Changes to European copyright law force the Beatles to release new tracks
Changes to European copyright law have forced the Beatles to make available a number of previously unreleased live recordings to the general public.
Fifty-nine tracks were released by Apple Records on 17 December 2013, just in time for Christmas. While the tracks have long been the subject of bootleg recordings, they have never previously been officially released.
When Apple was asked to confirm why it released this new material, it simply replied: ‘No comment.’ However, it is commonly accepted that the decision made to release these tracks was a direct result of changes to European Union copyright laws…
Click on the link below to read the rest of the Collyer Bristow briefing.
Sign in or Register to continue reading this article
It's quick, easy and free!
It takes just 5 minutes to register. Answer a few simple questions and once completed you’ll have instant access.Register now
Why register to The Lawyer
In-depth, expert analysis into the stories behind the headlines from our leading team of journalists.
Identify the major players and business opportunities within a particular region through our series of free, special reports.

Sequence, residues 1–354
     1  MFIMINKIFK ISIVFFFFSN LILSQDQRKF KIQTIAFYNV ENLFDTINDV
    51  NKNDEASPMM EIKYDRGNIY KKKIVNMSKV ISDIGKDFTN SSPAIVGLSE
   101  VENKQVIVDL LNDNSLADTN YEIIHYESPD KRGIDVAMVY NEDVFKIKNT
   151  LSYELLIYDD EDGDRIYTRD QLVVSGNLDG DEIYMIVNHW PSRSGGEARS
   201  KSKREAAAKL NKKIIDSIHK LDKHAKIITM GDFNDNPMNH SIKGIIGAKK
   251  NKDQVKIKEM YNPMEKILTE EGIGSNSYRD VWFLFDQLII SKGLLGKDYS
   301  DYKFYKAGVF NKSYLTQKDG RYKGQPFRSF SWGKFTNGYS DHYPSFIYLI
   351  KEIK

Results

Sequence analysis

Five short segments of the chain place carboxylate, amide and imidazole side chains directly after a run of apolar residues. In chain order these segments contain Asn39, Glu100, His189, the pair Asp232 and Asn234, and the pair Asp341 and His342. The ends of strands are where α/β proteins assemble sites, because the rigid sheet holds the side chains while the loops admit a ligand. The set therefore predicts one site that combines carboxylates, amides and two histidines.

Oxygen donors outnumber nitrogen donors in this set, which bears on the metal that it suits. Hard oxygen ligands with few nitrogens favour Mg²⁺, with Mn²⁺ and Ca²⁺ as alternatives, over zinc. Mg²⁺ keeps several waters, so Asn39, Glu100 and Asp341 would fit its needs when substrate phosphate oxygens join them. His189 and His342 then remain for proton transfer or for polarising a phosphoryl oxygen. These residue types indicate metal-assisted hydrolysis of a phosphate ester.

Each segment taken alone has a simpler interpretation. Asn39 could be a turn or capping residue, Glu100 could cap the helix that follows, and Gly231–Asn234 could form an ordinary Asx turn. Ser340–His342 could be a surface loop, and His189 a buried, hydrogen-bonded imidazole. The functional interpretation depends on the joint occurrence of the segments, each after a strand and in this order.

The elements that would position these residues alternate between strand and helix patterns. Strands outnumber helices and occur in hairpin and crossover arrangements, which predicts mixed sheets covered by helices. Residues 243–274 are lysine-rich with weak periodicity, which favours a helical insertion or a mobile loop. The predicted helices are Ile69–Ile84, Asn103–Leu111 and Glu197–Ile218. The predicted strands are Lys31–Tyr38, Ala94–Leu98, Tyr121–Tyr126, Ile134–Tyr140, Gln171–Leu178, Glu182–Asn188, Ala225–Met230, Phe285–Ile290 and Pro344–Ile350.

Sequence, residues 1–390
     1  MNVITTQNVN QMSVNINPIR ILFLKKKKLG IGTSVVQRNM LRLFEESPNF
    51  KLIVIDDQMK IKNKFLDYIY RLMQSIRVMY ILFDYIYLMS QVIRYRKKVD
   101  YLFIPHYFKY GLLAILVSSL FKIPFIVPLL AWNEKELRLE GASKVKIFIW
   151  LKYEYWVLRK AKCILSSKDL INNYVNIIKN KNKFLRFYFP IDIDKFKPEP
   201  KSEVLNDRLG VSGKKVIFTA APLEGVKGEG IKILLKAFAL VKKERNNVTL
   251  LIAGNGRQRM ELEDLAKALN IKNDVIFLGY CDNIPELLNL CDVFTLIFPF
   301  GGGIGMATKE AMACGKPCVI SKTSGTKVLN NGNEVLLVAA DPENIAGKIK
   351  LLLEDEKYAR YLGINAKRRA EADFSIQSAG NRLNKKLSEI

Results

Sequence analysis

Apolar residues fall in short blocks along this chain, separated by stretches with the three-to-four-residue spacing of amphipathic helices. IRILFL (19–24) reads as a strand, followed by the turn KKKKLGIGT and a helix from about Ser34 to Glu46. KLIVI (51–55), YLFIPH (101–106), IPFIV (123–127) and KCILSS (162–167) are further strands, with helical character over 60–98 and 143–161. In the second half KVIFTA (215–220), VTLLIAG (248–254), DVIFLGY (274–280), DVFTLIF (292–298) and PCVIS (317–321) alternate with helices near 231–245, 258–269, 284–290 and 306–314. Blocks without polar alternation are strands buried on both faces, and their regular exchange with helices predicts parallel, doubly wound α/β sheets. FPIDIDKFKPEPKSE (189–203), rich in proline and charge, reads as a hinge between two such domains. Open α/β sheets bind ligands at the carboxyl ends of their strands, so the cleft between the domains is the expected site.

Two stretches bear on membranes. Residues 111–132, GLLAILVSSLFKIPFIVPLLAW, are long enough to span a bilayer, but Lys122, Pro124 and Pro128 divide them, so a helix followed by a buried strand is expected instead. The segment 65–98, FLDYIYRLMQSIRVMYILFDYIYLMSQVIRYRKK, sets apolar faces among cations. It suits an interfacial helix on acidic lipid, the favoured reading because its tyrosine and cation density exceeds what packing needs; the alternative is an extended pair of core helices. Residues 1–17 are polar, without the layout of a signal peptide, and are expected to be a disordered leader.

Receive your pick of The Lawyer's daily and weekly email newsletters, tailored by practice area, region and job function.
More relevant to you
To continue providing the best analysis, insight and news across the legal market we are collecting some information about who you are, what you do and where you work to improve The Lawyer and make it more relevant to you.
News from Collyer Bristow
News from The Lawyer
Briefings from Collyer Bristow
The most significant IP/competition law crossover case since our last edition of IP Matters is the EU Court of Justice decision in Huawei v ZTE.
A class action against 12 major banks for antitrust activity in the credit default swaps market presents an opportunity to review where things have got to in the European Commission’s investigation of anticompetitive conduct.